​Rocket launches are on the way for one of the poorest cities in the U.S. after Texas Governor Rick Perry officially revealed the location for SpaceX’s new launch site. (Via NASA)

Billionaire Elon Musk’s space transportation company will build the site — the first ever exclusively commercial launch site — about 20 miles east of Brownsville, Texas at Boca Chica Beach. (Via Google)  

 

The site isn’t actually in Brownsville, but the governor’s announcement forecasted it would bring 300 jobs and pour $85 million into the local economy. (Via Brownsville Economic Development Council)

​​As The Verge pointed out the site would be a boon for the impoverished town. Brownsville has a median income of just more than $30,000 with more than 36 percent of the town earning below the poverty rate. (Via 24/7 Wall St.)

And if local media outlets are anything to go off, it seems officials in the area are optimistic about the opportunities the development could bring, beyond the SpaceX jobs themselves.

"Each launch can bring thousands of tourists to south Texas. We anticipate that that's going to be a significant amount of business that we believe is going to come down." (Via KRGV)

And according to The Brownsville Herald, some local officials think the site "could launch an entire aerospace-support cluster industry in Brownsville."

There had been signs the Boca Chica location would be chosen.

The Dallas Morning News reported the site cleared an environmental evaluation from the Federal Aviation Administration in July, and as far back as "2013, the Texas Legislature changed the law to make it easier for SpaceX to operate in Texas."

And Musk’s company got a $2.3 million investment from the state to bring the site to Texas, which troubled some commentators. (Via Khan Academy)

“To have so many businesses that are based on models that require a certain amount of government support seems to be a risk to me.” (Via Fox Business)

Either way, the site will be a busy one, as Engadget reports SpaceX is already cleared for 12 launches a year, and speculates Musk wants to ultimately have multiple launches a day.

Coincidentally, SpaceX sent one of the Falcon 9 rockets the site will be hosting into space on Tuesday, successfully launching a commercial telecommunication satellite into orbit from Cape Canaveral, Florida.

SpaceX To Build First Ever Commercial Launch Site In Texas

by Sebastian Martinez
0
Transcript
Aug 5, 2014

SpaceX To Build First Ever Commercial Launch Site In Texas

(Image source: Getty Images)

BY Sebastian Martinez

​Rocket launches are on the way for one of the poorest cities in the U.S. after Texas Governor Rick Perry officially revealed the location for SpaceX’s new launch site. (Via NASA)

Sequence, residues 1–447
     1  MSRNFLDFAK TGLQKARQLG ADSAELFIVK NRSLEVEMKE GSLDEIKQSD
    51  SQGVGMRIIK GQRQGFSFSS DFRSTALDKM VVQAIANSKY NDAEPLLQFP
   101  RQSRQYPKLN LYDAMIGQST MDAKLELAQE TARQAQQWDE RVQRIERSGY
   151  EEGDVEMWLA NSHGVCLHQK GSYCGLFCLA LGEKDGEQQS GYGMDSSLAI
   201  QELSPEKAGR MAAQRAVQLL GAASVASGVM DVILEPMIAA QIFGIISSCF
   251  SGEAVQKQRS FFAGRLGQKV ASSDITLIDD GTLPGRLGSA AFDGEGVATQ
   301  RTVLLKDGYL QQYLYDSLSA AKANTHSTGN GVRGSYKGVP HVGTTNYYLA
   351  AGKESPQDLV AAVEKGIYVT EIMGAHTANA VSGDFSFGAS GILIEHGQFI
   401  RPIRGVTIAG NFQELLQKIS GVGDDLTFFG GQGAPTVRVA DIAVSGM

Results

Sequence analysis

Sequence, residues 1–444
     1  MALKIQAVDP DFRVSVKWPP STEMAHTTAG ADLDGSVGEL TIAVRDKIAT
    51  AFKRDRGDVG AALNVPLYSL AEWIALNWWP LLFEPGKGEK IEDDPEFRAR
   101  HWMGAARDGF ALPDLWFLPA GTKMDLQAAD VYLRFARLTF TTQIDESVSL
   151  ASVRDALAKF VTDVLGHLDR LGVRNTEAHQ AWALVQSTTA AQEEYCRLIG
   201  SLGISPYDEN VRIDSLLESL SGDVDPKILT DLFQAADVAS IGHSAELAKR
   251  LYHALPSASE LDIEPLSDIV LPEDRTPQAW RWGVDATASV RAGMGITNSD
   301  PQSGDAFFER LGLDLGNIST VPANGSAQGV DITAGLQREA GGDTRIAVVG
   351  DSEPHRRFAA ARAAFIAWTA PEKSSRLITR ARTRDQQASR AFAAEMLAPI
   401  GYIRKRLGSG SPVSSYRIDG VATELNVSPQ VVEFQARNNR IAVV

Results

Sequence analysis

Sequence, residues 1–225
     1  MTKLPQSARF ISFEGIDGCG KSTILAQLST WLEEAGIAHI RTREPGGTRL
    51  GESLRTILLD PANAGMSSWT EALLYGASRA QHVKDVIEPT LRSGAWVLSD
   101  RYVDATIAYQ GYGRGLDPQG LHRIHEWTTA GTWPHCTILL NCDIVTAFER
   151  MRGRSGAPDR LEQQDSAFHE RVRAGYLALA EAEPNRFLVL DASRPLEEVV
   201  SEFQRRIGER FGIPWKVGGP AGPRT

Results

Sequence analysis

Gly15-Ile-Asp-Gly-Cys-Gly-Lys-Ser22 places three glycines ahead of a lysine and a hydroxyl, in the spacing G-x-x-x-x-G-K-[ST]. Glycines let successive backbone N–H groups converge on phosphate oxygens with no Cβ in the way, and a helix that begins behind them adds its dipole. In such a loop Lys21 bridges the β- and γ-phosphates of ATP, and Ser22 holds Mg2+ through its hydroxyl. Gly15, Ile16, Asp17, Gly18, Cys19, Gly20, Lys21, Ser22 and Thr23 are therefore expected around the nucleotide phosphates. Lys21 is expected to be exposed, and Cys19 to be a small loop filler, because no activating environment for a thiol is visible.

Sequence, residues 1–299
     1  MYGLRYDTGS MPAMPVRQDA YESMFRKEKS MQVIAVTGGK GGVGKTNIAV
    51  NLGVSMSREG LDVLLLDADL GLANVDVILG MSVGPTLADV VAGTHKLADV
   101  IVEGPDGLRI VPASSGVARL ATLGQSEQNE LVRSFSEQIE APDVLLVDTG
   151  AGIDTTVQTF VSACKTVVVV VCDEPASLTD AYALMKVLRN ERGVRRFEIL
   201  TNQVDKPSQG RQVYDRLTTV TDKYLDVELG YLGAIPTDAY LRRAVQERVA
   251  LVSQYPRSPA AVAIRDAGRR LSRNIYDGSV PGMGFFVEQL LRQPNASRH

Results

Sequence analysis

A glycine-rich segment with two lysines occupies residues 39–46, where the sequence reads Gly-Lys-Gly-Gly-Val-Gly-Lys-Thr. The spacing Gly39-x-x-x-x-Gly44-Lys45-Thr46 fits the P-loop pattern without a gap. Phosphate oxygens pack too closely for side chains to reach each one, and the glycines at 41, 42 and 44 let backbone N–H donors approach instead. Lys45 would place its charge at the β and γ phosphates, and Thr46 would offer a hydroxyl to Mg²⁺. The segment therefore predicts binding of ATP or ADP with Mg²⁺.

Billionaire Elon Musk’s space transportation company will build the site — the first ever exclusively commercial launch site — about 20 miles east of Brownsville, Texas at Boca Chica Beach. (Via Google)  

 

The site isn’t actually in Brownsville, but the governor’s announcement forecasted it would bring 300 jobs and pour $85 million into the local economy. (Via Brownsville Economic Development Council)

​​As The Verge pointed out the site would be a boon for the impoverished town. Brownsville has a median income of just more than $30,000 with more than 36 percent of the town earning below the poverty rate. (Via 24/7 Wall St.)

And if local media outlets are anything to go off, it seems officials in the area are optimistic about the opportunities the development could bring, beyond the SpaceX jobs themselves.

"Each launch can bring thousands of tourists to south Texas. We anticipate that that's going to be a significant amount of business that we believe is going to come down." (Via KRGV)

And according to The Brownsville Herald, some local officials think the site "could launch an entire aerospace-support cluster industry in Brownsville."

There had been signs the Boca Chica location would be chosen.

The Dallas Morning News reported the site cleared an environmental evaluation from the Federal Aviation Administration in July, and as far back as "2013, the Texas Legislature changed the law to make it easier for SpaceX to operate in Texas."

And Musk’s company got a $2.3 million investment from the state to bring the site to Texas, which troubled some commentators. (Via Khan Academy)

“To have so many businesses that are based on models that require a certain amount of government support seems to be a risk to me.” (Via Fox Business)

Either way, the site will be a busy one, as Engadget reports SpaceX is already cleared for 12 launches a year, and speculates Musk wants to ultimately have multiple launches a day.

Coincidentally, SpaceX sent one of the Falcon 9 rockets the site will be hosting into space on Tuesday, successfully launching a commercial telecommunication satellite into orbit from Cape Canaveral, Florida.

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